Every couple has it's different dynamics, and there may be problems to iron out but you are absolutely not alone in this.


  • Registered Users Posts: 564 ✭✭✭Yellow pack crisps


    Intimacy will come back when a routine of sorts becomes prevalent. Obviously when kids get older and develop sleep routines, you’ll redevelop your own. It won’t come back as normal and will require reintroducing physical and emotional practices. Nobody wants sex when you’re exhausted! Which is basically the first three years of a child’s rearing.


  • Registered Users Posts: 210 ✭✭turnfan


    I don't think bringing alcohol into the equation is a wise idea. While it might loosen inhibitions, it has a tendency to cause more problems than it solves.
    Performance being one, but my main concern, in this instance, is that it could, considering the long intermission on intimacy, raise questions about consent and/or capacity to consent.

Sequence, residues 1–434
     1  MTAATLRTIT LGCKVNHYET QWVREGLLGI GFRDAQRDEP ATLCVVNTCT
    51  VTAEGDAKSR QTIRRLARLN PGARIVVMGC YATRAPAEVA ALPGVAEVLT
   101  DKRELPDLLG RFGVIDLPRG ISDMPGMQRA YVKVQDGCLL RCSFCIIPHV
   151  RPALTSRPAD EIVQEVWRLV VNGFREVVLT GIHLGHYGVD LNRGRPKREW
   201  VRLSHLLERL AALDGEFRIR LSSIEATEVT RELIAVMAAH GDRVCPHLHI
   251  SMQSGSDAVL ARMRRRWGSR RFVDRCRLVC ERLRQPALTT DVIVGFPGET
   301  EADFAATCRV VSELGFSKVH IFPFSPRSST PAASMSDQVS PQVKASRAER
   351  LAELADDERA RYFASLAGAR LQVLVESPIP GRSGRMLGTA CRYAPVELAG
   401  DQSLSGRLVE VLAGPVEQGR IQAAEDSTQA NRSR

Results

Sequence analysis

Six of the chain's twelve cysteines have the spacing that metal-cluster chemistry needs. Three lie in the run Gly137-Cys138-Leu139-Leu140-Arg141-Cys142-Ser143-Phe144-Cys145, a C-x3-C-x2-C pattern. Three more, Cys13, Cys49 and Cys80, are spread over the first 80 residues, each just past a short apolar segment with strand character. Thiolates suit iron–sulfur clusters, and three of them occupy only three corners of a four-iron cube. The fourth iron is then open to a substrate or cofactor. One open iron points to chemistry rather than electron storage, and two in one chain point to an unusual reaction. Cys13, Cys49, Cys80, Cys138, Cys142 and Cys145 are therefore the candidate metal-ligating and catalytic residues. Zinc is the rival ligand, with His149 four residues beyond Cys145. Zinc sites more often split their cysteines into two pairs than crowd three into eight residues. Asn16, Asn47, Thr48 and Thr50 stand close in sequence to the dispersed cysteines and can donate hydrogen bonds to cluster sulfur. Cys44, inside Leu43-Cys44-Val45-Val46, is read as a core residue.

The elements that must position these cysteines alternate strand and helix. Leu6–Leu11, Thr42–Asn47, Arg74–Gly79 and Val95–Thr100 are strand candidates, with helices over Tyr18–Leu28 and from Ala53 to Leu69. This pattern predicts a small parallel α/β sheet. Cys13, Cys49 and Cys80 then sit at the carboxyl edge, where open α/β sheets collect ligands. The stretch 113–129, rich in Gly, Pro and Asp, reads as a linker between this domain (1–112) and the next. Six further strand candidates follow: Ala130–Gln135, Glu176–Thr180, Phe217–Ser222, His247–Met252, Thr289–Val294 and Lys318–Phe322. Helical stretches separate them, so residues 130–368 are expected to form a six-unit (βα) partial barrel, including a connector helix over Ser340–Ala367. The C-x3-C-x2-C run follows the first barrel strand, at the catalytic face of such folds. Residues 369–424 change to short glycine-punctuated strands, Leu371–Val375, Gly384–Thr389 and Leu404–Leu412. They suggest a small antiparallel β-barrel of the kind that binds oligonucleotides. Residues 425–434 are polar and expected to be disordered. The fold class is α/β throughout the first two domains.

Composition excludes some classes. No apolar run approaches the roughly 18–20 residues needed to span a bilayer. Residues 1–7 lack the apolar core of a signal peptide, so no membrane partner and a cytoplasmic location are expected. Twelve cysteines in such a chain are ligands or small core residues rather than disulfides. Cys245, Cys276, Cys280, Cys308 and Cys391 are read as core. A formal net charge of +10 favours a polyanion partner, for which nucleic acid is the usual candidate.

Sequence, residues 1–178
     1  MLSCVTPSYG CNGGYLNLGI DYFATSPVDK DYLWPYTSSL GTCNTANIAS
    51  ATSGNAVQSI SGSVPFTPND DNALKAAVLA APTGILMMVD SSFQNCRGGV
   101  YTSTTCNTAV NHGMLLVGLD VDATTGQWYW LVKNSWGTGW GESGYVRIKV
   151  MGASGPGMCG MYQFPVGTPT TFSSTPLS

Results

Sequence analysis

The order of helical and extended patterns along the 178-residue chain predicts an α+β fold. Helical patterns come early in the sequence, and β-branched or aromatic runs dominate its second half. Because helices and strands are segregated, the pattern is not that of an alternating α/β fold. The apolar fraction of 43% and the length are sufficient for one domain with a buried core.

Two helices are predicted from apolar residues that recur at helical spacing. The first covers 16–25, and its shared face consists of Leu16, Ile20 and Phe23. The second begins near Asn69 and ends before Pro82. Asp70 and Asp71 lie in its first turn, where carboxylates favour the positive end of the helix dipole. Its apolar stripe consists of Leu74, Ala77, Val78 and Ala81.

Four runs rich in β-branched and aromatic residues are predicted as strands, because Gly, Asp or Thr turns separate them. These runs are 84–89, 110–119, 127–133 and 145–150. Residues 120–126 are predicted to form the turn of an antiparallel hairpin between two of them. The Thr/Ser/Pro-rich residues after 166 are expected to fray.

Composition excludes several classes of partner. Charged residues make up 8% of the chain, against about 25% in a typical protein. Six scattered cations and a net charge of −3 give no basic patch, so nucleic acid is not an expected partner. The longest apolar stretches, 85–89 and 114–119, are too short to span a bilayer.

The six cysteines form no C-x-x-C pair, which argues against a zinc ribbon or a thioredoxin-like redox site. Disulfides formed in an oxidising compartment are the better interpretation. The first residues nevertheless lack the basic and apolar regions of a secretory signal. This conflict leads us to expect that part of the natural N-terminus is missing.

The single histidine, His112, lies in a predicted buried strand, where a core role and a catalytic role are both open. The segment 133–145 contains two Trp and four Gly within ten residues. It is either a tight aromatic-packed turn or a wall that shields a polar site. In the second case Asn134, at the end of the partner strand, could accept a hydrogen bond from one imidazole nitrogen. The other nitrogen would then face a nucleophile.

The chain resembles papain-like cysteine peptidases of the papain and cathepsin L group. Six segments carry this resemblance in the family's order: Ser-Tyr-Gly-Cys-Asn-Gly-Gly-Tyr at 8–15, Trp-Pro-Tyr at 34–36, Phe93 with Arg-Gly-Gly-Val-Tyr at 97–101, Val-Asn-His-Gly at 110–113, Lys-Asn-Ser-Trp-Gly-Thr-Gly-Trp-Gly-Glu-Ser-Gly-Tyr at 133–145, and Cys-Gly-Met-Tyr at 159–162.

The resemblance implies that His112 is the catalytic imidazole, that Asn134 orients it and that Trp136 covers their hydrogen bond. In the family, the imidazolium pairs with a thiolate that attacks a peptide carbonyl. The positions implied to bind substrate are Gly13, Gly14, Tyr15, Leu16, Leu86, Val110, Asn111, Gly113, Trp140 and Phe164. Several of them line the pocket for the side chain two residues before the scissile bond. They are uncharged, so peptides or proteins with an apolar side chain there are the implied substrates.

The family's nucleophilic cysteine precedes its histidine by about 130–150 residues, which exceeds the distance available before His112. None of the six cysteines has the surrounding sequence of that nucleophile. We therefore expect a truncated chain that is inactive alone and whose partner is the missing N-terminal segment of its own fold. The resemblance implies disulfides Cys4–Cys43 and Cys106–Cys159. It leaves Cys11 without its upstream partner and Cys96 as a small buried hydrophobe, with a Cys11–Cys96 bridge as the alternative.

I know, in a marriage it is a very unlikely issue to arise, but all the same it cannot be entirely ruled out either.

    I understand your point, and I am in no way suggesting to misuse alcohol. I just found making the effort of a few nice drinks helped on multiple levels. You might not be a good cook but it's easy to put some prosecco on ice, make a cocktail etc etc

    Good luck to the OP, you'll be fine once the routine is established and ye regain some alone time, together.


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  • Closed Accounts Posts: 3,292 ✭✭✭TheBoyConor


    I know what you mean, but to be honest I think the suggesting of using alcohol as a tool to induce someone to have sex or incline them towards it, where they otherwise might not, is very much an abuse of alcohol. It makes no difference if it is garnished Prosecco in Waterford Crystal, or a naggin of Huzzar in a bottle of coke. The purpose and mechanism of the scheme is the same.

    I think this would be better addressed by discussing the subject and maybe getting relationship counselling so they can find common ground.